the late 19th century and early 20th century, Portobello became a popular
resort. It had:
and sea which featured in
many old post card views.
Marlborough Mansions with their ornate iron balconies (built 1890s,
demolished 1960s) and Windsor Mansions. Several of Portobello's
photographers had studios on the Promenade.
It was designed
by Thomas Bouch, designer of the ill-fated Tay Rail Bridge. It was
1,250 ft long with a pavilion, restaurant and concert hall at its head..
It opened 1871 and was was demolished following storm damage
in.1917. Steamers sailed from the pier to Aberdour, Elie,
North Berwick, May Island, Bass Rock and other destinations.
helter skelter, amusements and figure of eight railway (closed in
1957 after having been declared unsafe).
a large complex consisting of a theatre, Empress Ballroom and
amusement park with mountain slide, royal mountain scenic railway, great
joy wheel, katzenjammer castle and 'Figure Eight Railway' with its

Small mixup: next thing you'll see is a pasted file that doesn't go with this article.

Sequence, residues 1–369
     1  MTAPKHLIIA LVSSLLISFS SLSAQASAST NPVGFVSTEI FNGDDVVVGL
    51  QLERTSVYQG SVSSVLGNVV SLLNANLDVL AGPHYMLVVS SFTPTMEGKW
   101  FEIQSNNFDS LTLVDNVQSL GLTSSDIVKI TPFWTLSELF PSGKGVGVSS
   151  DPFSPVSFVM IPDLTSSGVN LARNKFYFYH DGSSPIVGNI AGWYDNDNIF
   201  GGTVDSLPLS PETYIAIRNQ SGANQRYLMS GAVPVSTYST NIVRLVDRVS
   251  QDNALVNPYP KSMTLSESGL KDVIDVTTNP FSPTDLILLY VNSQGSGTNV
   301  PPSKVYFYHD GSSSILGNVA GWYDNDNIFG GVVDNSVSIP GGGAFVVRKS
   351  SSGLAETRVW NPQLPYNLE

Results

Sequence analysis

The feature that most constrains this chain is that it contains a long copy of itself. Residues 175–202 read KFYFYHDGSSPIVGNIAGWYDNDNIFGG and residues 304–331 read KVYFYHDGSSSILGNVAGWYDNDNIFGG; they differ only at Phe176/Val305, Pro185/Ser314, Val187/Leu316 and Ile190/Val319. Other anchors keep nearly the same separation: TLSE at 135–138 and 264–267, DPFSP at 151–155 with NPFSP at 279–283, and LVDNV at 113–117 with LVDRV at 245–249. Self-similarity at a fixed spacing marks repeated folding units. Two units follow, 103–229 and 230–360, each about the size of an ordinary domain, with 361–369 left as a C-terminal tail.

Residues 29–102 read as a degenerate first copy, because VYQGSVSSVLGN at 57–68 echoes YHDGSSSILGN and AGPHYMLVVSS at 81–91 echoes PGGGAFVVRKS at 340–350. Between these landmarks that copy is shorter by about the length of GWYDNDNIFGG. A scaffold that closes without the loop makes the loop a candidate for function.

one-mile long track, each car holding twenty-eight passengers.
buildings at Marine Gardens were all transferred to Portobello after
having formed part of the Scottish National Exhibition held at
Soughtonhall Park in Edinburgh in 1908.
was taken over by the War Department in 1914. and used to
billet troops. Most of the buildings never re-opened
following the War. Empress Ballroom did re-open and continued to
attract customers until 1939. All has now gone from this site at
the eastern end of Seafield Road. A Lothian Region bus depot was
built on the site in 1962.
and Bostock's zoo
with over sixty cages including
elephants, lions, tigers, wolves hyenas and monkeys.
Open Air Bathing Pool
built to accommodate 1300 bathers and 6,000 spectators. It had a
wave-making machine. The pool finally closed in 1980.
photographic studios were established at Portobello, some with highland
dress outfits or Newhaven Fishwives' costumes for their clients.